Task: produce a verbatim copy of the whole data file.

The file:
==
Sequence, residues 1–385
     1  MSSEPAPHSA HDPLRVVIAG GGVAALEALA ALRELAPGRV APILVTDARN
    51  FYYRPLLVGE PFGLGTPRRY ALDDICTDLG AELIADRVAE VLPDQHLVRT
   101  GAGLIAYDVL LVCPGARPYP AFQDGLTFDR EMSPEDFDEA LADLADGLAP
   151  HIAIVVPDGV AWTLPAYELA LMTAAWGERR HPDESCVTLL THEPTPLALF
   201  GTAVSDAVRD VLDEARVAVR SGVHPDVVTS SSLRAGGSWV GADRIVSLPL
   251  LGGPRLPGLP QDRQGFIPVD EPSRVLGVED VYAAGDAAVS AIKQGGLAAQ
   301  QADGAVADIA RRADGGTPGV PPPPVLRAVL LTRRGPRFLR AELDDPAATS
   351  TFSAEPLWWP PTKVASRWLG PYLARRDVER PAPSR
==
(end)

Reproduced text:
Sequence, residues 1–385
     1  MSSEPAPHSA HDPLRVVIAG GGVAALEALA ALRELAPGRV APILVTDARN
    51  FYYRPLLVGE PFGLGTPRRY ALDDICTDLG AELIADRVAE VLPDQHLVRT
   101  GAGLIAYDVL LVCPGARPYP AFQDGLTFDR EMSPEDFDEA LADLADGLAP
   151  HIAIVVPDGV AWTLPAYELA LMTAAWGERR HPDESCVTLL THEPTPLALF
   201  GTAVSDAVRD VLDEARVAVR SGVHPDVVTS SSLRAGGSWV GADRIVSLPL
   251  LGGPRLPGLP QDRQGFIPVD EPSRVLGVED VYAAGDAAVS AIKQGGLAAQ
   301  QADGAVADIA RRADGGTPGV PPPPVLRAVL LTRRGPRFLR AELDDPAATS
   351  TFSAEPLWWP PTKVASRWLG PYLARRDVER PAPSR